Last week I had the pleasure of presenting e-publishing to the Island Writers' Network of Hilton Head Island. While I resources were gathered since booking the engagement in the summer, I must admit I didn't put the presentation together until a week before the event. I was glad I waited! If I had done the work even a month ago I would have had to delete most of the work I had done and almost start over. The reason is e-publishing is evolving so fast it is leaving me in an almost state of shock.
I know many who just love the feel of a traditional, paper-bound book but I also noticed the increasing number of people carrying e-readers. A couple of days ago a Facebook friend asked if she should buy a Kindle or a Nook. Local retailers are starting to carry up to five different e-readers. E-book sales are now overtaking hard copy books, something I thought would happened in another five years. Companies including Amazon, Barnes & Noble, Lulu, and Smashwords are making publishing to e-reader formats as easy as uploading a document to their websites. The companies do all the conversions and you just wait for the money to roll in from sales (well not that easy a task).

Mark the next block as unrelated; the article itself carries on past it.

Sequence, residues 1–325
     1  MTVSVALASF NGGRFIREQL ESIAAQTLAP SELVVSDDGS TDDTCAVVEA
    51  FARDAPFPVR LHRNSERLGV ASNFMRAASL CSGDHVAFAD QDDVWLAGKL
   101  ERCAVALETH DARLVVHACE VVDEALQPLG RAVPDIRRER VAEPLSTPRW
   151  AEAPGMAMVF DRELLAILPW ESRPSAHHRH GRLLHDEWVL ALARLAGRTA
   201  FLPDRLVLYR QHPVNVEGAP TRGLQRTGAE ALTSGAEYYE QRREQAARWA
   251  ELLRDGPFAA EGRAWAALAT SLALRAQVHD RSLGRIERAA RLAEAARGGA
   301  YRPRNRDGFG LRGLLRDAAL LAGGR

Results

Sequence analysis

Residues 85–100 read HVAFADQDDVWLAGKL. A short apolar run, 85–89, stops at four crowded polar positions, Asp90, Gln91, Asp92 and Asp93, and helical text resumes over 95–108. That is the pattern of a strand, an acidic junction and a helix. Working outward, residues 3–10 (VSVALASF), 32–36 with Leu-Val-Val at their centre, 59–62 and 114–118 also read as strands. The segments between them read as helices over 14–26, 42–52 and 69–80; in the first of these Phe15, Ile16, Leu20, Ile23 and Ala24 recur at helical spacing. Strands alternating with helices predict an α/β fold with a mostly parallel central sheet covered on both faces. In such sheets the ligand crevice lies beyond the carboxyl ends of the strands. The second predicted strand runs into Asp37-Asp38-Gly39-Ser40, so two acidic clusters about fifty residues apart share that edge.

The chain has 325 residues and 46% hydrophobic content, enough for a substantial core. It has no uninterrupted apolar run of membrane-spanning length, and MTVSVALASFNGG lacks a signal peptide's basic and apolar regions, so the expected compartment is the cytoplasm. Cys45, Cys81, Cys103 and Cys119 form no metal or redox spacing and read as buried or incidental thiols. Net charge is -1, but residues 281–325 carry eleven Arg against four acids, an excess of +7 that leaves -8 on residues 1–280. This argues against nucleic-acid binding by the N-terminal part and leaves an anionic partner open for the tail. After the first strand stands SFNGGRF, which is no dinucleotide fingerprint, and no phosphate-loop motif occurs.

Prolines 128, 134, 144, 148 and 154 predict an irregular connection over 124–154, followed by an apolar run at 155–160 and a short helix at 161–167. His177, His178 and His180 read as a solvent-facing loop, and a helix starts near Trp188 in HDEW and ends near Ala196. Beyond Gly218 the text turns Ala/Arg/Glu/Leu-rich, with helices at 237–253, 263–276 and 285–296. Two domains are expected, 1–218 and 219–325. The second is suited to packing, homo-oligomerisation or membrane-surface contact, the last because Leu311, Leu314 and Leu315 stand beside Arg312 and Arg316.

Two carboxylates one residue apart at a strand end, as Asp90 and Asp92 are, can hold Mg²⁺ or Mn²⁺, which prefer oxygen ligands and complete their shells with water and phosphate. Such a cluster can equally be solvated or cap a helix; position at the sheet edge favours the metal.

This explosive growth in e-publishing should be great news for beleaguered students weighed down by heavy bookbags. Barnes & Noble just made things interesting by announcing the Nook Color. The latest Nook is a full color touch screen device that will run the Android operating system. Barnes & Noble says the Nook Color will be able to show videos and surf the Internet, what e-textbooks need to be effective. The $249 price tag makes it a compelling device to purchase over the iPad if all you want is an enhanced e-reader. A big drawback is users will not be able to add any Android apps but Barnes & Noble plans to offer their own app store. Even if the Nook Color does not fit the e-textbook bill it is a major step forward. With the rate e-readers are progressing, it won't be long before better devices will enter the market. Note to IT leaders: you better figure out how to integrate Android or iOS into your networks. It does not look like Microsoft is doing too much in the tablet and e-reader areas.
Let me know what you think about e-readers. In the meantime I am going to curl up with my Nook and catch up on some reading.